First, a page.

I was fortunate to recently activate my first two non-US summits, DM/BW-212 (Baiselberg) and DM/BW-695 (Teck). My setup consists of a 40-meter QCX and a 20-meter QCX Mini that I also use on 30-meters with my SOTAbeams link dipole and 7000hds mast.
Baiselberg is also within the boundaries of the Stromberg Nature Park, DA-0013 for those who participate in Parks on the Air. It has zero activations logged, so I gather the program isn’t as popular as it is in the US. I will submit my activation once I have access to my logging software again.
I learned two important lessons: Gloves do not improve my CW transmission skills. Bring additional layers to wear after the invigorating hike up the summit. I was too hot going up and too cold toward the end of the activation.
The next weekend I brought more layers and was able to activate Burg Teck.
I had the luxury of sitting at a picnic bench during the activation and I learned a lesson there about the impact of melting snow.
I chose not to invest my funds in the telescope view of the area.
Both activations were a lot of fun, but I was surprised how large the pileup was at times. I never encounter that many high intensity signals in the western US. One familiar call sign came through both times, F4WBN.
At about 11:10 local time I had an unusual experience. Up to that point I had encountered no interference from the nearby antennas. But suddenly I swear I heard a pipe organ and congregational singing so loud it drowned out all potential contacts. I ended up switching frequency in order to continue operating. I didn’t know this was possible with the 200Hz CW filter in the QCX radio. I literally looked up to see if a choir had ascended (or descended) onto the summit. It reminded me of a scene during the movie Hunt for Red October where a SONAR operator tells his superior that he thought he heard singing.
A pleasant contrast to my culture was how many families were hiking in these locations in spite of the weather. I can’t wait to come back.
I’ve been activating Teck several times and noticed some local QRM but never heard something that sounded like music. Looking at the time of your activation (Sunday ~ 11 a.m.) the music could have come from a church service. But on 40 metres??? Weird…
Thanks, anyway for the report and the great photos!
The ex-Physics teacher in me couldn’t resist checking on this. Warning, spoiler alert:-
According to a former Submarine Officer / Strike Warfare Officer at United States Navy it’s another Hollywood myth. Striking the hull with a big hammer could be detected by another submarine’s SONAR but ambient noises inside the submarine like talking or singing would not.
But hey, why let the truth get in the way of a good story.
BTW: regarding the organ and singing heard on 40m. Given the time of day [Sunday, ~11am] I wonder if a local church has permission to transmit [at low power level] a MW broadcast of their church service for parishioners who cannot go in person [maybe due to covid] and the signal was overloading the rig,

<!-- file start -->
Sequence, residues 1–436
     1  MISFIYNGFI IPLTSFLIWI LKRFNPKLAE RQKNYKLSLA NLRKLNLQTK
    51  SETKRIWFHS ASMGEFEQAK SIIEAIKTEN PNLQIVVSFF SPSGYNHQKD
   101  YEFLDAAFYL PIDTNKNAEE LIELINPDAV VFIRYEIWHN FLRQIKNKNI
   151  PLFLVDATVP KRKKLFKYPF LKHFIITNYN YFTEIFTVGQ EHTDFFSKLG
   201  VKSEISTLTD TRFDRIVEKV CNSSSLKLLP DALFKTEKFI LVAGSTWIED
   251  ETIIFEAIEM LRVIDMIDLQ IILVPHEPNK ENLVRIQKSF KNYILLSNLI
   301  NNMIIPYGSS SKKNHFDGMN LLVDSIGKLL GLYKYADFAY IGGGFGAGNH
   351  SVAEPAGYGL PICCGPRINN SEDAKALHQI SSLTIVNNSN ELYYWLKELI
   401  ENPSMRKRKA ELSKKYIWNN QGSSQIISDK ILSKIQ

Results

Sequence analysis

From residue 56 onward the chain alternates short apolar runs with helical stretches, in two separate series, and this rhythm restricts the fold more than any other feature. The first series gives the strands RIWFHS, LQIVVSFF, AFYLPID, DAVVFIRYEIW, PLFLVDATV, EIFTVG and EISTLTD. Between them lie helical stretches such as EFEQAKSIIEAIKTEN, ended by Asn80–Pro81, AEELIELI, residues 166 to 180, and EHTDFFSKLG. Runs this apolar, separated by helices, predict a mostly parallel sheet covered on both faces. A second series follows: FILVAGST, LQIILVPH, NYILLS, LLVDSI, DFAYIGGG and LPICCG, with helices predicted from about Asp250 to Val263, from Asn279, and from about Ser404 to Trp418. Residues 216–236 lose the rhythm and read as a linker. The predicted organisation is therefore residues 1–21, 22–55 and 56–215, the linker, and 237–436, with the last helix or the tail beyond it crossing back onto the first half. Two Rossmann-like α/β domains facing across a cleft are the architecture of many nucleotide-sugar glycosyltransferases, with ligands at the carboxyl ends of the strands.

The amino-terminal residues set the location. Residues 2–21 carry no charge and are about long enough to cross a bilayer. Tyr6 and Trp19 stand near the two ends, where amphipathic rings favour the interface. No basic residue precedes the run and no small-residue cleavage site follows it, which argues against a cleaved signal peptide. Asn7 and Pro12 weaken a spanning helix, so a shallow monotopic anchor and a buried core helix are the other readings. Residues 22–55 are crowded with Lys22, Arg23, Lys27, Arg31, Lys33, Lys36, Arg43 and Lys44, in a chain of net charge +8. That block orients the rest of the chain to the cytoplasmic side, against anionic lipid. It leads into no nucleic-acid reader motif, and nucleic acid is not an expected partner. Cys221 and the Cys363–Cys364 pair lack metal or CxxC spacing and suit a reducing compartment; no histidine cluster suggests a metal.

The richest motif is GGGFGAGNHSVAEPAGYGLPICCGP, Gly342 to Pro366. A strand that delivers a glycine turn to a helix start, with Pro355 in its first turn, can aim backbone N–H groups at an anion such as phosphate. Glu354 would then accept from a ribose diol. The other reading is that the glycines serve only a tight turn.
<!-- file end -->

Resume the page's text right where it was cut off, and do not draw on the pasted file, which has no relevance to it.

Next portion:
In the good old days - when my kids and I would sit together in front of the TV watching a sci-fi film - I would frequently be heard to say “That’s physically impossible” [e.g. like on the intro to Independence Day where the giant alien spaceship passes close to the Moon and its ‘vibrations’ cause Neil Armstrong’s footprint to disintegrate]. My kids would recite their mantra in chorus, “Dad, it’s only a movie!”.
It’s typically continuous and repetitive noises that are silenced, such as pumps, fans etc. The frequency components propagate well. Of course it’s often dwarfed by the noise of cooling several MW of reactor and the now deprecated damn big propeller at the back. But things like opening the watertight door at the front of torpedo tube and the clang they used to make is distinctive. Some torpedoes can swim out of their
tube and are quieter in launch compared with those that are ejected.
Then there’s detecting something is out there. Detecting there’s something different to all the other noise sources amongst them (sub sailing near commercial traffic). Identifying what is making the noise and the coup de grace, identifying it as a hostile and maintaining a firing fix on it for as long as possible. Of course if you have a fix you can pretend you haven’t got one and sail away.
Yes, I do a full reset between 20 and 30 meters. Unfortunately I lose any stored messages and other settings when I do that. I read somewhere on the QRP-Labs site that you should reset rather than just tune between the bands because there are some band-specific adjustments made to the fine tuning of the chipset. I do not have a power meter to assess the impact. All I know is I receive plenty of QSOs on each band, so things are working well enough.
As of late I have been using my 17m QCX-mini on 17m and 20m with very good results. As accurately I can measure with my test equipment it does about 5w on 17m and 3.5w on 20m. I do not reset the rig thought. I just put both my 17m and 20m freq into the memory so I have instant access. Seems to work OK fine for me. Your mileage may vary.
Tim - K5DEZ
By the way, I have stopped doing the reset between bands and have not noticed any substantial difference. Like K5DEZ, I store the frequencies in memory so I don’t have to scroll between them. I don’t have a power meter to quantify the exact output, but things are working well enough to make contacts.